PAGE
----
10. You may have heard that no two snowflakes are alike.772 That may be true but hard to prove. It's said that even the most minute changes in temperature and humidity can alter the growth of a snowflake.

Even though we only have space for ten reasons why water is weird, no doubt there are many more reasons. We like water because it's the most efficient liquid for measuring contact angle. It's cheap, easy to use, and has a high surface tension which lends itself to characterizing wetting properties. Maybe in another edition of this newsletter, we'll explain why we use deionized water. Until then, keep being weird.

1 See this elucidating page.
See this disturbing article.
3 Watch any of these cool videos to see supercooled water freeze. Learn how it works here.
4 See some of these proposed explanations here.
5 Apparently, there is some debate on this point. More here.
6 Check out this cool video which explains the Leidenfrost Effect.
7 Here's a lively discussion including data from a researcher who's been studying snowflakes for the past 25 years. 

A Variety of Wetting Behavior
Wetting is a balance between adhesive and cohesive forces as referenced in point 7 in the above article. With many surfaces, a sessile drop deposited on the surface will remain there statically. It's easy to measure the static contact angle of such a drop on such a surface since not too much is going on except perhaps a little evaporation which happens relatively slowly. This is due to the fact that on most surfaces the pinning effect is stronger than any change in adhesive or cohesive forces.

Nonetheless, there are some surfaces on which dynamic wetting will occur. On Surface A shown in the graphic below, the contact angle is decreasing over time. Simultaneously, the drop width is increasing, the drop height is decreasing, and the drop volume is remaining relatively static.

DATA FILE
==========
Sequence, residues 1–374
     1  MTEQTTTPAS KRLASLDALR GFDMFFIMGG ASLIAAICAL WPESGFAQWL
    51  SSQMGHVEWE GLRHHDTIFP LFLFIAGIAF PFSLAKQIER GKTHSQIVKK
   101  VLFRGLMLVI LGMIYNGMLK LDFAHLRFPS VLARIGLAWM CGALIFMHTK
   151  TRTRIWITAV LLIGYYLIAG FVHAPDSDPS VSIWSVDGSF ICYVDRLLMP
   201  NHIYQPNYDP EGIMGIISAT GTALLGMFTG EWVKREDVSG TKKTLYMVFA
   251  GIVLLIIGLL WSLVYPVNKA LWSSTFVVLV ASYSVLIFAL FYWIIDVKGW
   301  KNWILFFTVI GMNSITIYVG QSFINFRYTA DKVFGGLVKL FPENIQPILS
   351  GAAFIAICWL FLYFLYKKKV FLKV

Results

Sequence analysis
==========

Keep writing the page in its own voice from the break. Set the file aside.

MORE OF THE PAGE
Surface A

There are a number of possible explanations for this behavior. For example, if the surface is treated with a chemical which acts as a surfactant, the surface tension of the drop decreases as the chemical interacts with the water; the cohesive forces on the outer molecules of the drop weaken and the drop spreads (i.e., wets).

In the case of Surface A above, the wetting is uniform which indicates that the surface is homogenous in terms of chemical composition. In the case of Surface B below, the left side is pinned while the right side is moving or wetting out. This would indicate that Surface B is not as homogenous with respect to chemical composition or surface roughness. 

Surface B

Sometimes the contact angle will drop quickly and the width may even increase as the drop decreases as shown on Surface C below. However, since the drop volume is also dropping quickly (also observable in the experiment report), the behavior is not so much wetting but absorption. The drop is being absorbed into the mildly porous surface.

Surface C

In the case of Surface D below, the contact angle of the left side is increasing as the contact angle of the right side decreases. As we are taking measurements, we are also tilting the sample. The final left measurement (on the downhill side) is the advancing contact angle. The final right contact angle (on the uphill side) is the receding contact angle. The difference between these two contact angles is referred to as the contact angle hysteresis. When the contact angle hysteresis is relatively small, the surface is relatively homogenous with regard to both chemical as well as structural composition.

Surface D

Surface E introduces an interesting and less common phenomenon. The drop actually started as a solid. The surface is heated to a temperature greater than the melting point of the drop material. Once the drop begins to form, we measure the contact angle. As the drop forms, you will see that the contact angle decreases while the drop width increases. In general, as temperature increases, surface tension decreases. As surface tension decreases, wetting improves because the cohesive forces on the surface of the drop are weakened relative to the adhesive forces between the drop and the surface.

Surface E

In short, there are a number of reasons why drops have a hard time sitting still. If you have ever observed young children, you will note that they too often exhibit the same behavior.


Carl Clegg
Director of Sales
Phone 973-448-0305